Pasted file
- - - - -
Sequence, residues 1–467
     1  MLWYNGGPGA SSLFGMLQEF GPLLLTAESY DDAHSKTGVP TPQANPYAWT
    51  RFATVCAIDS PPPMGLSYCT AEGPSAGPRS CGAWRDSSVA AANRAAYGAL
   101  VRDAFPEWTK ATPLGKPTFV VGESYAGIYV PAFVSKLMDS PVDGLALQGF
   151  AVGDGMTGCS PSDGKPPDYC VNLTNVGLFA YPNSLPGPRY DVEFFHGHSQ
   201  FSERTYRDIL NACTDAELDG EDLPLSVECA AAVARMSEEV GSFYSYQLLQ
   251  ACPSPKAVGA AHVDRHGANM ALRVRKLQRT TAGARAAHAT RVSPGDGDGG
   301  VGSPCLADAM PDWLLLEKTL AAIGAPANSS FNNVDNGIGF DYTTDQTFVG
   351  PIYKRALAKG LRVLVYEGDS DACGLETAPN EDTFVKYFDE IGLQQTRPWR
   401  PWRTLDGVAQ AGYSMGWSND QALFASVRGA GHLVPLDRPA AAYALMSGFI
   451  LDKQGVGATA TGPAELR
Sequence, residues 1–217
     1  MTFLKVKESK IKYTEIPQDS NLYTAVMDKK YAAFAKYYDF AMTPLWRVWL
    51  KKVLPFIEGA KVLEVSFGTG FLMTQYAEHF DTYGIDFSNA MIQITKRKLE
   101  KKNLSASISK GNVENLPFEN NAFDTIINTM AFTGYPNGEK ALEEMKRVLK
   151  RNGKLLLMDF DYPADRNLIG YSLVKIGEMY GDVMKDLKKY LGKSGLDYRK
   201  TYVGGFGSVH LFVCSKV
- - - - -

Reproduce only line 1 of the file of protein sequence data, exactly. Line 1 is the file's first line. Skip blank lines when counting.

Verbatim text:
Sequence, residues 1–467